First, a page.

Steve is a well-known writer specialising in the history of medicine, the NHS and primary care. He qualified as a member of both the Institute of Chartered Secretaries and Administrators and of the Institute of Healthcare Management. He has been the chairman of independent review panels dealing with complaints about the NHS and a lay panel member for the Healthcare Commission. He is currently a lay reviewer for the Royal College of Surgeons
Out-of-hours (OOH) services used to be called “GP out of hours services”, but these days it seems anyone can get a contract to provide healthcare outside the normal working day. Gone is that golden age when every GP would happily come out in the middle of the night to provide patients with personal care and attention.
Alas, that all changed in the 21st century.
Earlier this year, the coroner for North and East Cambridgeshire, William Morris, was widely quoted in the media when, during a 10-day inquest, he described one OOH medic brought over from the continent as “incompetent and not of an acceptable standard”.(1)
German locum Dr Daniel Ubani had mistakenly injected 70-year-old David Gray with 100mg of diamorphine. The Cambridgeshire inquest heard that Dr Ubani was working his first shift in the UK when he administered the fatal dose to Mr Gray. Dr Ubani had been employed by the private OOH service provider SuffDoc, later Take Care Now, when he injected Mr Gray in February 2008.(2)
What has gone wrong with our OOH service? And can it be improved?
First, however, was there ever really a golden age for OOH services, a time when every GP provided a perfect personal service? And was that now-lost 24-hour, 365-days-a-year GP cover really as good as people remember? If so, should GP practices be forced to revert to providing their own night and weekend cover?
Despite the widespread belief of many commentators, family doctors invariably did not provide OOH cover in years gone by. In reality, deputising services of various kinds have existed for as long as GPs. Almost all family doctors were members of local rotas – an arrangement that was invaluable in the days when the majority of GPs were single-handed, rather than working in group practices.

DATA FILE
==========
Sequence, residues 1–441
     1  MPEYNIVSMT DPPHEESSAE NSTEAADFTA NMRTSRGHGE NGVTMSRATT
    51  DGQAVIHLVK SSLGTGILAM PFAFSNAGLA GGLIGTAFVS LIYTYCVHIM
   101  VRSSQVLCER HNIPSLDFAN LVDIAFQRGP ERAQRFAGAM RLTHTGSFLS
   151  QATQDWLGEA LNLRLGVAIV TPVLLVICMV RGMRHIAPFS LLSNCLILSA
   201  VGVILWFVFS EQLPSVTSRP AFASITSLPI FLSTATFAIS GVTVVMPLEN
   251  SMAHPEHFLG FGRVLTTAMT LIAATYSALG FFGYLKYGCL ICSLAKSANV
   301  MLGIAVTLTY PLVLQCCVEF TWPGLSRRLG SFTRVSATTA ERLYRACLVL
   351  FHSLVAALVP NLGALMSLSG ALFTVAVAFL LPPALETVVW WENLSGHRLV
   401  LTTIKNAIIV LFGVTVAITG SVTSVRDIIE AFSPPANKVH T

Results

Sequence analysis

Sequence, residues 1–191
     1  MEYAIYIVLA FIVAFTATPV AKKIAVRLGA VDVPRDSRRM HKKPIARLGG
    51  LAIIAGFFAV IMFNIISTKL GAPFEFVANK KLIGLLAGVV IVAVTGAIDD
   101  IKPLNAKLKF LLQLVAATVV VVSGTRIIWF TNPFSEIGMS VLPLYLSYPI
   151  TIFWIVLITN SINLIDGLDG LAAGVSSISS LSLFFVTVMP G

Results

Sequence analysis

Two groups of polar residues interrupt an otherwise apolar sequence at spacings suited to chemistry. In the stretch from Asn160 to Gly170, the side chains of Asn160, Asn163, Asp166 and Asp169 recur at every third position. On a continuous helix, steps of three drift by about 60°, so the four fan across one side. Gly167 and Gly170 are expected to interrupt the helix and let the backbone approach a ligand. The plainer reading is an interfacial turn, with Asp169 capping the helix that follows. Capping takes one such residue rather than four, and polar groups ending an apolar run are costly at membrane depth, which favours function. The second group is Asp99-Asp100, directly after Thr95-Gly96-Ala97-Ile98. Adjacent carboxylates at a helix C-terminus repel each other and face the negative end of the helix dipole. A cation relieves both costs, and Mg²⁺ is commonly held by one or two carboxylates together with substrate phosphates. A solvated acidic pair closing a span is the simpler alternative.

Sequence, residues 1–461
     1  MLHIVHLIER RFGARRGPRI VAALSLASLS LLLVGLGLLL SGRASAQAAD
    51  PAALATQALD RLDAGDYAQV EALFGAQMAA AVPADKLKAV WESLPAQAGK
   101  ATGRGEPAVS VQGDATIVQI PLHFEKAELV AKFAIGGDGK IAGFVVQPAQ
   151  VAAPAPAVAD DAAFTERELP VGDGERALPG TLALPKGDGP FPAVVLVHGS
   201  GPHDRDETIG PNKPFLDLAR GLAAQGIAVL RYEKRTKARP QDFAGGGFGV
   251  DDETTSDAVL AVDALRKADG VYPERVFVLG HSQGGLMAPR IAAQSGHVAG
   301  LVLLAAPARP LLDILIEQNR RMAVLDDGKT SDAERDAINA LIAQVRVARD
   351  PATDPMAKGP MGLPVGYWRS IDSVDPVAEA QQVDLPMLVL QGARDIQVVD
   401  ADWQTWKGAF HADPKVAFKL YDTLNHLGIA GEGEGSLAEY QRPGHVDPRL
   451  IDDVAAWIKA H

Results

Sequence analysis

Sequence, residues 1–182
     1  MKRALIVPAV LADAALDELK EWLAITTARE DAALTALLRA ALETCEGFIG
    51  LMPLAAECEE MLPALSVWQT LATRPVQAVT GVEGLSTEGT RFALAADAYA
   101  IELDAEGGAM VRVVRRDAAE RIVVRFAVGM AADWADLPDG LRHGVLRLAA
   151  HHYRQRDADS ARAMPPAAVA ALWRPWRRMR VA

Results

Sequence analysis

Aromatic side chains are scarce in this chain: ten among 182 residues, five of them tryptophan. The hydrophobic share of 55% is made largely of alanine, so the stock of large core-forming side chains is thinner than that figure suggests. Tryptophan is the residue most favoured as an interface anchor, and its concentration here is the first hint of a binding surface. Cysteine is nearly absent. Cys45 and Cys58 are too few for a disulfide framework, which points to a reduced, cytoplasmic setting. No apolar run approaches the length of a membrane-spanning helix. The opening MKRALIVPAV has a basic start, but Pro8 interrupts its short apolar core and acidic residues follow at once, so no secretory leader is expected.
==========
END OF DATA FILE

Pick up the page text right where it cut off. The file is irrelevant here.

In the 1950s, more than half a century ago, GPs were already organising themselves into deputising co-ops, as well as engaging commercial services to whom they were subcontracting their OOH responsibilities.
However, the NHS was strangely uninformed, even incurious, about what GPs were actually up to. According to the minister of health in response to a parliamentary question in 1960:
“I regret there is no centrally available information regarding the number and types of deputising service, but I have no reason to suppose that such services are operating on a commercial basis in more than a very few areas.” (3)
Under the radar, however, large numbers of GPs were pursuing a covert, decades-long policy of trying to invisibly opt out of personally providing night and weekend cover. Thousands of GPs were only too happy to discreetly pay someone else to take on the task of providing cover during “antisocial hours”.
In the past, demand for OOH visits was not as high as today – but by the 1960s the percentage carried out by deputising services was ever-increasing. By 1969, though, GPs were on average making only 13 or 14 night visits annually, and two thirds of all such attendances were being carried out by deputies.(4)
Patient demand rose alongside the use of deputising services. Those who didn’t like to bother their own GP felt no similar constraint if they knew it was “only a locum” they were calling out. A decade later the number of call-outs had doubled.
Similarly, patients who felt little reluctance to call out a deputy felt even less inhibition about complaining if the service they got did not meet their expectations.
Complaints are nothing new, and those that were received in the 1970s may sound familiar today: deputies arrived late or not at all; the deputy couldn’t find the address; the deputy couldn’t speak English; or the apparently tired and incompetent deputy made a disastrous decision and the patient died. Nothing changes.
Of course, attempts were inevitably made to address the problem.
Changing face of general practice
In 1978, a Code of Practice for Deputising Services came into force. In future, all deputies were to have experience as GPs and pass suitable selection arrangements approved by new local “Professional Advisory Committees” (PACs).
In reality, this made little real difference other than to fuel an increase in both the use of deputising services and patient demand. Over a period of 20 years, the number of night visits doubled again. And, unsurprisingly, the number of complaints increased accordingly.